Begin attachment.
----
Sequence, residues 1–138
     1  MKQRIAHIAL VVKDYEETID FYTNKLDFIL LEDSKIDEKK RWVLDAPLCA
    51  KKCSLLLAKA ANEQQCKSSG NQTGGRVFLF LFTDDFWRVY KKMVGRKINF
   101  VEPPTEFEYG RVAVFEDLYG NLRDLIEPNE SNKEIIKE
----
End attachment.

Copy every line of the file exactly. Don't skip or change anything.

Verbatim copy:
Sequence, residues 1–138
     1  MKQRIAHIAL VVKDYEETID FYTNKLDFIL LEDSKIDEKK RWVLDAPLCA
    51  KKCSLLLAKA ANEQQCKSSG NQTGGRVFLF LFTDDFWRVY KKMVGRKINF
   101  VEPPTEFEYG RVAVFEDLYG NLRDLIEPNE SNKEIIKE